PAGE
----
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The conservation and collection care department maintains the Museum of London’s collections, conserving and protecting the treasures of the city’s history.
Conservators are able to use their specialist skills to stabilise fragile and deteriorating objects and carry out often painstakingly careful cleaning so that they can be put on display.
Sometimes fragments of damaged objects are put back together, or missing parts of the object are filled, to make it whole again – these are processes known as ‘restoration’, a term which is often confused with ‘conservation’, which refers to the stabilising and cleaning of the object.
An important part of the department’s work is collection care, where we ensure that temperature, humidity, light, dust and pest levels in the displays and stores are carefully controlled. Much of this work cannot be physically seen, but without this the bulk of our collections would be actively deteriorating.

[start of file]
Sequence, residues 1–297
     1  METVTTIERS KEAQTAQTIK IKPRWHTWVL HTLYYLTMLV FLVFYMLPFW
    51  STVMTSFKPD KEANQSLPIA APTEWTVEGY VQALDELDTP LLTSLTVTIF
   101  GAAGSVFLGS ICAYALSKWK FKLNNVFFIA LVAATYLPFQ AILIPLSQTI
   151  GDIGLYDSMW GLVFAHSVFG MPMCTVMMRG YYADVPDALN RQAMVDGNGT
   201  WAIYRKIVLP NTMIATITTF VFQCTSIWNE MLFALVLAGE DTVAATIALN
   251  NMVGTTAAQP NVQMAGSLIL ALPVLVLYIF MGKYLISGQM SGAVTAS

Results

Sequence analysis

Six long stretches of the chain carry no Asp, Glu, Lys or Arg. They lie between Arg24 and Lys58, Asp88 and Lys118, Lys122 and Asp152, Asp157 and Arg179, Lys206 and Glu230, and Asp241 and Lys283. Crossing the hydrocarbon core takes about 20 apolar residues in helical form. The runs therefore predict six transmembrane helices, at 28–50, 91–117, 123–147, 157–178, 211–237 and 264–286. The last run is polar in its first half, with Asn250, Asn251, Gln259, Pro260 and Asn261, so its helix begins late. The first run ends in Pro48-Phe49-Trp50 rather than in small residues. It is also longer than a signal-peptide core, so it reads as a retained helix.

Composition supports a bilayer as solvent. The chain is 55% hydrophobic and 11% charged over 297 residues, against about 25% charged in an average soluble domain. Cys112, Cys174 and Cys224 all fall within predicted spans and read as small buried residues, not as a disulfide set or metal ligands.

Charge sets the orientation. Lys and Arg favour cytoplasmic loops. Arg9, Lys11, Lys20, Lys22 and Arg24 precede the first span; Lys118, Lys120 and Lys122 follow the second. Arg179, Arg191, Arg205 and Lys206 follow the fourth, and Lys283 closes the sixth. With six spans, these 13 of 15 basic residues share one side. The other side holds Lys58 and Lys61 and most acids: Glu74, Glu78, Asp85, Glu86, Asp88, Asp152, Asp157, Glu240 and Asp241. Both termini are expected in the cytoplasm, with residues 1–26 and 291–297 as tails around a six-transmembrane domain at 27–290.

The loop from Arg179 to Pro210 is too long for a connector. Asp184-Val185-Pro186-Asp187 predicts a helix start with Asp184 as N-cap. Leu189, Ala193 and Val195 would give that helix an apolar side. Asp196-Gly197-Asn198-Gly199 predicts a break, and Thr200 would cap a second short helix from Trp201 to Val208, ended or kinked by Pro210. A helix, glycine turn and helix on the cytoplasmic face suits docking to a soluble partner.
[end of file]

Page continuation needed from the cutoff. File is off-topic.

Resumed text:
Although there are conservators specialising in most materials within the conservation profession, in the Museum of London we have conservators in the fields in which we have the most needs:
The Museum of London actively supports museums and archives in the greater London area. For more information on how to handle, store and protect museum objects, view our e-learning and self-assessment tools.
Following the recent advice from the government and Public Health England surrounding COVID-19, the Museum of London and the Museum of London Docklands will be closed to the public as of Thursday 19 March.
The health and wellbeing of our visitors, staff and community are of utmost importance to us and this decision is in response to increasing concerns surrounding COVID-19.
We will continue to closely review the advice from Public Health England and monitor the current situation of COVID-19 to keep people up to date on our plans.
Please check www.museumoflondon.org.uk for updates from the museum.